Some of those who have been put to death through capital punishment were later discovered to have been innocent, he said.

“You can release an innocent man from prison, but you can’t release him from the grave,” Steidl said.

On the Witness to Innocence’s website, Steidl is pictured wearing a T-shirt stating he was “convicted and condemned by perjured testimony, fabricated evidence, prosecutorial misconduct, police coercion and rewards.”

After years of fighting for his freedom, Steidl said he has little faith in the justice system, but now works to help others gain liberty when it is appropriate.

“No human is perfect. Why people believe the judicial system is perfect is beyond me,” he said.

Once someone is set free from prison, life can be have other challenges he or she did not face previously.

“There’s no mental health care. There’s no job training. There’s nothing,” Steidl said.

The death penalty has no place in a civilized society, he said, and encouraged the students, “Whatever you do, do it with integrity.”

Kate Miller, of the ACLU of Kentucky, spoke with the students before Steidl’s lecture. She said if anyone wanted to sign a postcard that is being sent to Gov. Steve Beshear in favor of abolishing the death penalty, they were welcome to do so.

“We know so much more today about the death penalty than we did in 1976, when Kentucky reinstated it,” the postcard states. “More than three decades of experience reveals that it is a risky, arbitrary, unfair, ineffective and costly distraction from justice.”

The death penalty system is broken; that is why 17 states, including West Virginia, and just recently, New Jersey, New Mexico, Illinois and Connecticut have rejected capital punishment, the card continues.

Only weeks before Steidl’s visit to Georgetown College, the Kentucky Commission on Human Rights called on state lawmakers to abolish the death penalty, and less than a year ago, a team of legal experts completed a 400-page report outlining the serious flaws within the commonwealth’s death penalty system, according to the ACLU of Kentucky.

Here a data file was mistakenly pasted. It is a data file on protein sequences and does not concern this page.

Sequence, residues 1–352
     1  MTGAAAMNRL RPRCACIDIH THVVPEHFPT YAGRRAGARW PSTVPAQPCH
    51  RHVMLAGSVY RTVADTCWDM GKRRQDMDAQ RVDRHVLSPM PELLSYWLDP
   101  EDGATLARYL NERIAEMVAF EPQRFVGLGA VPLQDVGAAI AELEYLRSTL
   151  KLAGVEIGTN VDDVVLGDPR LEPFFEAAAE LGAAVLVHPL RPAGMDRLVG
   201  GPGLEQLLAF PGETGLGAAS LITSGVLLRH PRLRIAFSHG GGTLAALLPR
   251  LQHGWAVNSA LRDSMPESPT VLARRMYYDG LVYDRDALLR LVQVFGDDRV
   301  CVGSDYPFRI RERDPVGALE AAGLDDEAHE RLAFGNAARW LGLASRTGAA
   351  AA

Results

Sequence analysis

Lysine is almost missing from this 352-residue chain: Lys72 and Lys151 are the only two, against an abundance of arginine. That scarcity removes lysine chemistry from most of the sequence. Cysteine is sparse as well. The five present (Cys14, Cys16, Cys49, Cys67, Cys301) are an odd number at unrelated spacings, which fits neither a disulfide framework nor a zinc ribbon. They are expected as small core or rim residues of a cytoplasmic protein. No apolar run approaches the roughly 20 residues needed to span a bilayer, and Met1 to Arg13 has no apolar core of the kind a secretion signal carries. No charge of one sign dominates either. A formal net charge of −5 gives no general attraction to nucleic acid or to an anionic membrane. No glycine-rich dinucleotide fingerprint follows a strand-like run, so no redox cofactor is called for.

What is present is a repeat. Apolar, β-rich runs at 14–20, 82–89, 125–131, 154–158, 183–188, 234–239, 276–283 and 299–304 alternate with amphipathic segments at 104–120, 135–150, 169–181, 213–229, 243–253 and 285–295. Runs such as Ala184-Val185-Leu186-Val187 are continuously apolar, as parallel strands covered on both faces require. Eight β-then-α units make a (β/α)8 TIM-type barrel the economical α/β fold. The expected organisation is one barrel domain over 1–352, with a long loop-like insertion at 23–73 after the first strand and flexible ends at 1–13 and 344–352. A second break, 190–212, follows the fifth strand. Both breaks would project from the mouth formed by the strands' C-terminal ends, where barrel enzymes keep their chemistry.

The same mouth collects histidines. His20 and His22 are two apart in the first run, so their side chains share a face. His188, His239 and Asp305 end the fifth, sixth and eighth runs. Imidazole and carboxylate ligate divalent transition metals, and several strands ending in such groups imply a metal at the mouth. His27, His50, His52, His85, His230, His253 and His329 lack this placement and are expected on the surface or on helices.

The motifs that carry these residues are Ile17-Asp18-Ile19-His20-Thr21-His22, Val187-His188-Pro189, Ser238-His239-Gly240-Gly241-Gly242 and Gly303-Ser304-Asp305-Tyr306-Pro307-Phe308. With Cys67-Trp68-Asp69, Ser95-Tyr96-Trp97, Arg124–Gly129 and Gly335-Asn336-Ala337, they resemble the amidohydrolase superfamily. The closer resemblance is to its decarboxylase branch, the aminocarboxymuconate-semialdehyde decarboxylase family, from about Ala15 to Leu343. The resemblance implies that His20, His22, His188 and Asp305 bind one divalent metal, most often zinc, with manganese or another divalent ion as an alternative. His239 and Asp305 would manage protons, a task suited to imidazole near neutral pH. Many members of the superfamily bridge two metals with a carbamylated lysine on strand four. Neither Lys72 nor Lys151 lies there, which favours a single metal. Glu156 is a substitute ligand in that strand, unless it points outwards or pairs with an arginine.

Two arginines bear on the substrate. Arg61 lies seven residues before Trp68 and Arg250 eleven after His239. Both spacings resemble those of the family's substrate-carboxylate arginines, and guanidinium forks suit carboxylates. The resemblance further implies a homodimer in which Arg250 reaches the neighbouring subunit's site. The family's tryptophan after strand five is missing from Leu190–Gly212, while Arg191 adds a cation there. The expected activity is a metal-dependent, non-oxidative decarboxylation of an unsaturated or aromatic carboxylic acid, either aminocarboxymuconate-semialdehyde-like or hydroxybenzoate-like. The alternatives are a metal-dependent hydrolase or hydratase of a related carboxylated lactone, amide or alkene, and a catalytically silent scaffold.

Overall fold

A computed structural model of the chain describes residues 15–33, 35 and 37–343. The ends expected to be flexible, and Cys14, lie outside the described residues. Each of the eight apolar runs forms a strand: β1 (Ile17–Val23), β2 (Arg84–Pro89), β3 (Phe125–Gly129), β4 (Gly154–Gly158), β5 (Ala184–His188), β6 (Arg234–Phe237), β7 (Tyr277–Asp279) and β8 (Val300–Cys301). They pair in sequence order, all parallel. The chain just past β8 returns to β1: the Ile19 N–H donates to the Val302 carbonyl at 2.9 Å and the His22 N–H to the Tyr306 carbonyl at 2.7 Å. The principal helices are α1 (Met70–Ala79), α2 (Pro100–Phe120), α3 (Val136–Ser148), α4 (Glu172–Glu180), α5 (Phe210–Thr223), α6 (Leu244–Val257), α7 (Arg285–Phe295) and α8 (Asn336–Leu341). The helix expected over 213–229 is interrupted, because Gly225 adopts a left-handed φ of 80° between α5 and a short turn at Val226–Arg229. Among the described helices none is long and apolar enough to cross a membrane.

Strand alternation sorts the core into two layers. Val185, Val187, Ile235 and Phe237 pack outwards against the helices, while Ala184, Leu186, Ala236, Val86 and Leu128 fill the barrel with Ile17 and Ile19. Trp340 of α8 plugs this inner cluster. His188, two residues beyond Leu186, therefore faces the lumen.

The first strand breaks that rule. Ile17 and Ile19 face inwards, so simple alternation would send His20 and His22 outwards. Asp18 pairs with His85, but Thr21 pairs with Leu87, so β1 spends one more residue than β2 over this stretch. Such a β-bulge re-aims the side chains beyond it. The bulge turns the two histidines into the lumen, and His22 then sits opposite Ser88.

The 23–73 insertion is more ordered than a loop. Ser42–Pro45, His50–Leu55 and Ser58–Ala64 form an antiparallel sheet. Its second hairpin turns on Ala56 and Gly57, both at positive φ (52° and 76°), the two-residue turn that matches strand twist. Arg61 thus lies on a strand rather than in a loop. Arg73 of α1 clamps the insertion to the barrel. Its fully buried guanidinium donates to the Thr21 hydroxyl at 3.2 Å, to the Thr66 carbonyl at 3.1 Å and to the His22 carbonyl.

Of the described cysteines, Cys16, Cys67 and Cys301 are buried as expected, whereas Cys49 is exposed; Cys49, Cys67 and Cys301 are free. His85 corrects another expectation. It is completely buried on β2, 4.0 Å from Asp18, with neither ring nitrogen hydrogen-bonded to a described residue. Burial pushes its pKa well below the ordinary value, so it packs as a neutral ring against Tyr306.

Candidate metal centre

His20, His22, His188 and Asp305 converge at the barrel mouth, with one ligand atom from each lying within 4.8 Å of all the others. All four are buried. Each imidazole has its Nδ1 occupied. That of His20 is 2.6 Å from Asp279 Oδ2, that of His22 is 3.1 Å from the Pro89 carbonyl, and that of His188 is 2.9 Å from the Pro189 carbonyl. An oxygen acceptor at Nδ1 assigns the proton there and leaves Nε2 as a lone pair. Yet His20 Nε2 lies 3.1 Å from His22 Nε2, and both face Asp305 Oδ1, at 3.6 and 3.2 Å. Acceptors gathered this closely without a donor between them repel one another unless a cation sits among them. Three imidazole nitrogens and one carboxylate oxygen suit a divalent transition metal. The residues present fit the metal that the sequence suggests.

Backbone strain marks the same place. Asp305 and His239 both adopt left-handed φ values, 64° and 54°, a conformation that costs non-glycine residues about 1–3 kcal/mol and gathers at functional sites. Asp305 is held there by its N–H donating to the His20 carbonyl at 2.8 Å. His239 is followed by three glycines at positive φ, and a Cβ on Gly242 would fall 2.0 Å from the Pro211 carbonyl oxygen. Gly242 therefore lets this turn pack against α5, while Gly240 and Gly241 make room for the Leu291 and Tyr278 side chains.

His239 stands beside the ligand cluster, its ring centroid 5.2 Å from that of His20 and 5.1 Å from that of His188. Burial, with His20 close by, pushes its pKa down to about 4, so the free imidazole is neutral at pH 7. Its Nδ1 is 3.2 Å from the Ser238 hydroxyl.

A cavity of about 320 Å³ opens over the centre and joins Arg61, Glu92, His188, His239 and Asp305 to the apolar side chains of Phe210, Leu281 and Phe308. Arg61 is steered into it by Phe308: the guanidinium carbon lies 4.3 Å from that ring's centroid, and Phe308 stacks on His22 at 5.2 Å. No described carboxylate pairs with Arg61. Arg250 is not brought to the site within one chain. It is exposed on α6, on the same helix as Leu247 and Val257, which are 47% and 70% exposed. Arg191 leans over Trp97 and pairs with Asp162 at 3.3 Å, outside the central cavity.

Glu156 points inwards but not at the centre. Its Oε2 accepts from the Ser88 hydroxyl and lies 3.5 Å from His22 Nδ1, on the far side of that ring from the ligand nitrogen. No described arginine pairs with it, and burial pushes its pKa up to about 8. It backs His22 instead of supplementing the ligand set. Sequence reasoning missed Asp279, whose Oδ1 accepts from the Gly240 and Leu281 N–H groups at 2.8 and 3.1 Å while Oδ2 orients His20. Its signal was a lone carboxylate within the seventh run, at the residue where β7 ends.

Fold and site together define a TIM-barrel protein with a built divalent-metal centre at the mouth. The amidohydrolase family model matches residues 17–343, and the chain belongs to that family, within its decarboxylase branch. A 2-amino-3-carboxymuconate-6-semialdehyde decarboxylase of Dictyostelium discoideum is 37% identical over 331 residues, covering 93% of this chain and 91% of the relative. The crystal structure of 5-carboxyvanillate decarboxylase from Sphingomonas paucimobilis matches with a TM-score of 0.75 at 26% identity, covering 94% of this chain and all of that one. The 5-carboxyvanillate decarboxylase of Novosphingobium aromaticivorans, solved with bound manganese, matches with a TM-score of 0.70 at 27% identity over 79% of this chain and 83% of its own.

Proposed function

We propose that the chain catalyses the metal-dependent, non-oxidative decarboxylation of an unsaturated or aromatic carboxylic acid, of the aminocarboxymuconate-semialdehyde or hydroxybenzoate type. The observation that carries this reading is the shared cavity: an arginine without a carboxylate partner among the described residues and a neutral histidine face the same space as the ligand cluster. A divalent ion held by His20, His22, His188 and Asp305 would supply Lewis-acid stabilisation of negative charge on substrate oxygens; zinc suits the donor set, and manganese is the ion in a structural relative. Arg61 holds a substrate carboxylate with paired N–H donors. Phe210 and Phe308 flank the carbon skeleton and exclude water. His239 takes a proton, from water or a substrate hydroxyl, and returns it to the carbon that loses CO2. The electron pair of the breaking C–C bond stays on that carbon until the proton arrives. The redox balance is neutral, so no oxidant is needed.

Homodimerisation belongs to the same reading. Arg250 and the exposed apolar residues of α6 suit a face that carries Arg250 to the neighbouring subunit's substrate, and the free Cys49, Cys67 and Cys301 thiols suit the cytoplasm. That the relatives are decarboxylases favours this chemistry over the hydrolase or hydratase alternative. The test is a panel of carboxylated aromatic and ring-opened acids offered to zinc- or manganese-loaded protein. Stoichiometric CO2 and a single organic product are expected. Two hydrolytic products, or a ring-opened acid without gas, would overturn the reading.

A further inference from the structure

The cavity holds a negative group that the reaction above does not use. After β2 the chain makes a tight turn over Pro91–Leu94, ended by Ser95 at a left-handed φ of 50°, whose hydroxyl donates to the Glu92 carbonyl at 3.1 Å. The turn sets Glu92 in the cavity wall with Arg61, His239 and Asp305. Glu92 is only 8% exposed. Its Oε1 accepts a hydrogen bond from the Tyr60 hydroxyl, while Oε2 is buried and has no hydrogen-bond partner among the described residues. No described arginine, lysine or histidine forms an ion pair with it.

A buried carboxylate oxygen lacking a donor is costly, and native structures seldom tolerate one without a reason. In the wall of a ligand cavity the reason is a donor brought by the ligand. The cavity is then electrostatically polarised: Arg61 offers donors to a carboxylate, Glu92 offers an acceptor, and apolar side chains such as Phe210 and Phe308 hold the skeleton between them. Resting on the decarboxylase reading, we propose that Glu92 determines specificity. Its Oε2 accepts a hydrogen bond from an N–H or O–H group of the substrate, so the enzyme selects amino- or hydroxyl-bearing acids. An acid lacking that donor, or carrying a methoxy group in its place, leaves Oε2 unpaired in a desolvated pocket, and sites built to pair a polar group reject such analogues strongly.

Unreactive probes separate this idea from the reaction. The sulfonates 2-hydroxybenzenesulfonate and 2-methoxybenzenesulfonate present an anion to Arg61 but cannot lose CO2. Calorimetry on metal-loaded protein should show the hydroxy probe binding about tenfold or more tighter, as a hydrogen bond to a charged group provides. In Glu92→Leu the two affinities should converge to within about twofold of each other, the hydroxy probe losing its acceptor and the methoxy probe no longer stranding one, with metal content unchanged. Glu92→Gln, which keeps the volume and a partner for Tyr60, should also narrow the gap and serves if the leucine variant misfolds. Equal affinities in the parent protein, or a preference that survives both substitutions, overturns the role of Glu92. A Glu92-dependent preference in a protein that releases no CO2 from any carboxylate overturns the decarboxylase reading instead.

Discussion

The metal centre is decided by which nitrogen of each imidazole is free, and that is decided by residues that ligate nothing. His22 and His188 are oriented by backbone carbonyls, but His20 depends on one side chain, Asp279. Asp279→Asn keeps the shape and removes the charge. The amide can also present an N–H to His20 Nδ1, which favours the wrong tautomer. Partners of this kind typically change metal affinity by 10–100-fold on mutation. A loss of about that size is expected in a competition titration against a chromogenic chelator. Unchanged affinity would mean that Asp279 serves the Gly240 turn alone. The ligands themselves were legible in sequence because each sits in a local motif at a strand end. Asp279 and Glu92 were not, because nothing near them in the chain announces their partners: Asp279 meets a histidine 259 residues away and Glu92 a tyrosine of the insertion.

Model United Nations Conference

November 21, 2012

On Nov. 17-20, students from Georgetown’s Model United Nations class attended the annual American Model United Nations conference in Chicago. Students participated in a 4 day simulation of the United Nations and practiced diplomacy on committees that researched topics such as disarmament, water rights, and food security, among others.

 


Political Science Professors Participate in Mock Presidential Debate

November 13, 2012

Dr. Melissa Scheier and Dr. Stephen Mergner of the Political Science Department participated in a mock presidential debate on October 23, 2012. The debate, held at Georgetown College, was sponsored by GAC and SGA. An article and photo from The Georgetonian follows.

SGA, GAC host mock Presidential debate

By EVAN HARRELL

Editor-in-Chief

The Georgetonian/EVAN HARRELL
From left, Evan Jacoby, Hayden Summers, Megan Norris, Dr. Melissa Scheier, Meredith Scalos and Dr. Stephen Mergner.

The Student Government Association and the Georgetown Activities Council held a Mock Presidential Debate Tuesday, Oct. 23, 2012 in the John L. Hill Chapel at 11 a.m. The event was a Nexus credit, and it was in a style similar to a town hall format. The moderators were Megan Norris from SGA and Evan Jacoby from GAC. Over 90 students were in attendance.

Dr. Stephen Mergner was the Republican representative while Dr. Melissa Scheier represented the Democrats. As topics were presented to each side, the proponents detailed their candidateā€™s platform on the issue. The topics discussed were: budget and taxes; employment; and education. It was intended for more issues to be discussed, but the professors spent more time than the moderators had originally planned.

Each side was also given a two-minute period for closing arguments. For this, two student representatives from College Democrats and College Republicans took the stage. The representative for College Democrats was Meredith Scalos, and the College Republican representative was Hayden Summers.